The Big Picture
1947, 4.7 billion movie tickets were sold. By 2003, the
number was only 1.57 billion. Edward Jay Epstein ("News
From Nowhere: Television and the News") offers an informed,
scholarly explanation of why, despite doubling of population
over 58 years, there were 3.1 billion fewer moviegoers.
Through meticulous use of charts and statistics, he traces
Hollywood from a provincial turf under the iron influence
of enterprising, uneducated immigrants to a vast entertainment
economy dominated by six corporate giants -- Viacom, Time
Warner, NBC, Universal, Sony, Fox and Disney. Much of the
material will be familiar to insiders, but this broad, ambitious
canvas should prove a valuable education for those seeking
to enter and understand the entertainment industry.
from early 1900s to the present, "The Big Picture"
analyzes creation of the studio system, shaping of star
image, budgets, development hell, creative and cost-oriented
particulars of advertising, the DVD revolution and the power
of celluloid politics.
launches his chronicle with a detailed look at the days
when Warner Bros., Columbia, 20th Century Fox, RKO, Paramount
and Universal controlled nearly all movie houses until ordered
by the Justice Dept. to end their block-booking and divest
either their distribution arms or their theaters. Television
and the House Un-American Activities Committee's actions
also terminally weakened the studio system.
book is factually impressive but initially dry and bloodless.
It springs to life when concentrating on the personalities
that conceived and reshaped Hollywood. Adolph Zukor is a
fascinating success story, a furrier who invested in amusement
arcades featuring a new invention by Thomas Edison -- the
hand-cranked machine that created an illusion of motion
by rapidly repeating still pictures.
Wasserman, deviser of packages that tied stars, directors,
producers and writers together, is forcefully portrayed.
Steve Ross emerges as a pioneering visionary who sought
to own more than simply content (films, music rights, TV
programs, books) -- his goal was to own the means to deliver
entertainment to homes, focusing on cable and paving the
way for the WBthe WB's partnership with American Express.
intriguing, larger-than-life figures are Rupert Murdoch,
who has defined his life as "a series of "interlocking
wars"; Walt Disney, the maverick who recognized the
importance of TV while the majors were boycotting it; and
Sumner Redstone, whose philosophy is, "Success isn't
built on success -- it's built on failure, frustration and
Epstein's knowledgeable analysis of outside film investment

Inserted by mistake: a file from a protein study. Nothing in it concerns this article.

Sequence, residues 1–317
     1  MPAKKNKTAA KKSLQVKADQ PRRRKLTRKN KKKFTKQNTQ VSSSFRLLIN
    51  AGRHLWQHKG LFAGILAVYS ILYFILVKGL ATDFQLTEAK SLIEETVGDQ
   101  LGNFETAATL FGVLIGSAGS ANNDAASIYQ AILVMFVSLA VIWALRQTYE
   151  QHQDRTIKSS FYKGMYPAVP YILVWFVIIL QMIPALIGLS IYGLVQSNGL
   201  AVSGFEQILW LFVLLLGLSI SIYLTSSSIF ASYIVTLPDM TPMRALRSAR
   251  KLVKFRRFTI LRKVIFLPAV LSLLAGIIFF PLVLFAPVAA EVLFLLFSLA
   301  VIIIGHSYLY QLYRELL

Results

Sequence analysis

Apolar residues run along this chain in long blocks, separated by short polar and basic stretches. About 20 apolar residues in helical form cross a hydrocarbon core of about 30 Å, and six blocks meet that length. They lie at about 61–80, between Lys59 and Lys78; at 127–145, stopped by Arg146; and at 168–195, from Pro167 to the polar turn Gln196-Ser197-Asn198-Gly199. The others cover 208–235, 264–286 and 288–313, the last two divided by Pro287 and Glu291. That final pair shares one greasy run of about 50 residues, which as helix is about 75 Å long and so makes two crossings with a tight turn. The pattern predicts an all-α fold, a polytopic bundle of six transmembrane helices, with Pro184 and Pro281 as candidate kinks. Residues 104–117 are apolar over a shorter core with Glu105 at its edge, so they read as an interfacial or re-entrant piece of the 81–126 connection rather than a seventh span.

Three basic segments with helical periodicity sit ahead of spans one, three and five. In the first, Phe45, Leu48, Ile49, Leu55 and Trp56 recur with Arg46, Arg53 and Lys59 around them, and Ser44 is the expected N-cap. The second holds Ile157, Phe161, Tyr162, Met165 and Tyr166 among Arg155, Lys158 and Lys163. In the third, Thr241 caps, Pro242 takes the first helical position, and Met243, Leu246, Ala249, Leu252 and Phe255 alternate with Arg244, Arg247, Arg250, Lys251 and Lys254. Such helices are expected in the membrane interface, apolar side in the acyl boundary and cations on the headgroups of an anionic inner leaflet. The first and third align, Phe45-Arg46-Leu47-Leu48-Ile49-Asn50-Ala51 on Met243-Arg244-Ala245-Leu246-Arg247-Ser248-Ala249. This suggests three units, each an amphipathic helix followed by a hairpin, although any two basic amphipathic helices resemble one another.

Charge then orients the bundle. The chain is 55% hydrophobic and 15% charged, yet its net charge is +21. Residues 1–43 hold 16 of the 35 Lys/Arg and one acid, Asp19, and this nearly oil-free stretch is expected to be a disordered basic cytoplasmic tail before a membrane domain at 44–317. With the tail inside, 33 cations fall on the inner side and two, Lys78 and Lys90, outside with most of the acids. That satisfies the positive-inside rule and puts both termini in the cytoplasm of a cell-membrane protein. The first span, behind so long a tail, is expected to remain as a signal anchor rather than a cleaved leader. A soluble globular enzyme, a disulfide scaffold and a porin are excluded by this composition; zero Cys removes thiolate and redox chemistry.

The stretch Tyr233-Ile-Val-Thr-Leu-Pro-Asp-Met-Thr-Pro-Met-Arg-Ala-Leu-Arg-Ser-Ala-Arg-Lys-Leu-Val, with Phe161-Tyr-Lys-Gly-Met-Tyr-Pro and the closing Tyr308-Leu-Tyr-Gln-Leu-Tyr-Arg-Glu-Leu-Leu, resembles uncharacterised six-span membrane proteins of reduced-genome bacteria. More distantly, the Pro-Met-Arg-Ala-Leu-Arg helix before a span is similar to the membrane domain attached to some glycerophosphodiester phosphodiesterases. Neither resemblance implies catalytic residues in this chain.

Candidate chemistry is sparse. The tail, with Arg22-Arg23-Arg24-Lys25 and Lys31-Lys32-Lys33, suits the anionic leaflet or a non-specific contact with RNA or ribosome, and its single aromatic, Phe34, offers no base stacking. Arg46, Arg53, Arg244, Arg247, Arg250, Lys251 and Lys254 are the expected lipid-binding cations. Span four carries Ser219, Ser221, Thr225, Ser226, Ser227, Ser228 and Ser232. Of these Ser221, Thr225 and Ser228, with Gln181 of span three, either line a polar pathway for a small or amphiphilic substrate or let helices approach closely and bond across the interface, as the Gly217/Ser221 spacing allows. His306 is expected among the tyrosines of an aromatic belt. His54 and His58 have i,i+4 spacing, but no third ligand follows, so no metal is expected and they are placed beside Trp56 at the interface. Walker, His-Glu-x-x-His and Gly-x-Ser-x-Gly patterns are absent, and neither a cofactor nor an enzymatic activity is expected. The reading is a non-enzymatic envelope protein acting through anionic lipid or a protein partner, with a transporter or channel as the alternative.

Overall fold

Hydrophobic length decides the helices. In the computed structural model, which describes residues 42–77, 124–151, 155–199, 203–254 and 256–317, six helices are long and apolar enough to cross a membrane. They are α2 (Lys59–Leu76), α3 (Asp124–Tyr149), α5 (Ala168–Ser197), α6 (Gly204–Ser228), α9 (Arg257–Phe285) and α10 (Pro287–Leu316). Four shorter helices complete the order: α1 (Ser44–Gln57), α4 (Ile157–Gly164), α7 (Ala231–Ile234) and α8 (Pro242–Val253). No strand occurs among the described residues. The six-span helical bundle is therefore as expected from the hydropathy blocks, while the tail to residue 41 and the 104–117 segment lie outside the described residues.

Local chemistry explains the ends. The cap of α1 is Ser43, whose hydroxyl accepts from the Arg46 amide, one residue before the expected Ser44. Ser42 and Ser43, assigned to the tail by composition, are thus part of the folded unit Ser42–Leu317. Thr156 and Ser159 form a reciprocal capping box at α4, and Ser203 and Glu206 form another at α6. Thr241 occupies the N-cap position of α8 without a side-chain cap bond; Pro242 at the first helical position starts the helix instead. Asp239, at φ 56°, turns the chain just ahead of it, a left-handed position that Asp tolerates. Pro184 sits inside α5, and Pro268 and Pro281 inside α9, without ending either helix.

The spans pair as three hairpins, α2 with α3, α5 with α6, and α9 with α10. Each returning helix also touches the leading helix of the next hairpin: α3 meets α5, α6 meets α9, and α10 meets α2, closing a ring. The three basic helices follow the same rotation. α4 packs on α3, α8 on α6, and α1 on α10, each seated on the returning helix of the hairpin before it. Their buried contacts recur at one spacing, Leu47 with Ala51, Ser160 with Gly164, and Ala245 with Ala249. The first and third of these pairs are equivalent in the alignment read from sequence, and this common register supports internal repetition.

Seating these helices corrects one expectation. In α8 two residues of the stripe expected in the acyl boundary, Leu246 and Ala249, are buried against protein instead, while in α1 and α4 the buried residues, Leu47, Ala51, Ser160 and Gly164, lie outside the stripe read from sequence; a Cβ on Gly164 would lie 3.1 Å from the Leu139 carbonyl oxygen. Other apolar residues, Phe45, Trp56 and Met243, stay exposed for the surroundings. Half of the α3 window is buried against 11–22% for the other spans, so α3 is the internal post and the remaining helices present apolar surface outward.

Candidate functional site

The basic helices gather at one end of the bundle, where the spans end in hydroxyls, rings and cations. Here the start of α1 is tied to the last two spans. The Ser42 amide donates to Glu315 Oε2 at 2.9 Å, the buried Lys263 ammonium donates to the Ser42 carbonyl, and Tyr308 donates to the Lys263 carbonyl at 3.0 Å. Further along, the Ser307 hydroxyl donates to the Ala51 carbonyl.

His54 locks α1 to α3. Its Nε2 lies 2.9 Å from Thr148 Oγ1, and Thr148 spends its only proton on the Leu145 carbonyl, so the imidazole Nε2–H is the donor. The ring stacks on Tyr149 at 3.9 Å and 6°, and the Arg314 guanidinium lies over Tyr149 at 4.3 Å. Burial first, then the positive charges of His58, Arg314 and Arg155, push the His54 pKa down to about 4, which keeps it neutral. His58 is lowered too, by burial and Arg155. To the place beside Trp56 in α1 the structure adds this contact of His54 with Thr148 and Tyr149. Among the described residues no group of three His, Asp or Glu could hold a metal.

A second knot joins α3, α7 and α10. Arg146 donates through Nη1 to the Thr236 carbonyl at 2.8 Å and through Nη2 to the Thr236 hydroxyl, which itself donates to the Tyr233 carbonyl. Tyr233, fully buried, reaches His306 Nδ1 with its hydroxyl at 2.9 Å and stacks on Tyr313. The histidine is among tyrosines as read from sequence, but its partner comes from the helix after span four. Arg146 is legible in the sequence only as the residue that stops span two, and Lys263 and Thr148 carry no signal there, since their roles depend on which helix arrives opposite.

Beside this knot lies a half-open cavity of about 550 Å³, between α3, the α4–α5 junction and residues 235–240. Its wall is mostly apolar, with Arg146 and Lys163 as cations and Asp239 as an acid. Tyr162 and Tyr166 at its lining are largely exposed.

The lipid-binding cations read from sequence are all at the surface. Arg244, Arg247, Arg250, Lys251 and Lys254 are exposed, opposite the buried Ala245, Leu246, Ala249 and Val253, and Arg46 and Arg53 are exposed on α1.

is one of the book's more interesting aspects, a growing
tendency that drew strong attention when Redstone instituted
a "risk-averse" financing strategy that required
all of Paramount's pictures to receive at least 25% of their
financing from outside sources. Discussing questionable
bookkeeping practices, Epstein quotes David Mamet's cynical
showbiz play "Speed-the-Plow" -- "There is
New writers and directors may cringe a bit, and rightly
wonder how any film gets made when Epstein targets development
hell, citing the numerous scribes who toiled for 10 years
on the "Superman" script without gaining a green
light. He also points out how many individuals and divisions
each movie must satisfy, including equity partners, co-financiers,
merchandisers, video chain stores, foreign TV outlets and
highlights how far we've come, for better or worse, with
a frustratingly truthful scenario, quoting a Sony marketing
exec who defines the public in categories: over 25 years
old, male or female, white or nonwhite, then further fractionalizes
these groups so that the exec can accurately state, "if
we release 28 films, we need to create 28 different audiences."
of the book's most illuminating observations about modern
promotion is the idea that a picture's merit is a secondary
factor in its success. Richard Cook, Disney studio chairman,
explained the poor box office for "Treasure Planet""Treasure
Planet" on Thanksgiving weekend 2002 thus: "We
did not make it look appealing enough."
In the Hollywood of the '30s and '40s, movies were targeted
primarily for adults, until Disney came along and set the
stage for a youth market. Chapter "The Midas Formula"
demonstrates that billion-dollar-earning movies from 1999
to 2004 were based on children's stories, comicbooks, serials,
cartoons and theme park rides. Redstone refers to it as
"fantasy gratification," and it's a sharp reminder
that the days of Louis B. Mayer are long gone when Epstein
invokes his book's title with an overall thesis: "There
may still be movies made for grownup audiences to see in
theaters, but they will play an ever-smaller part in the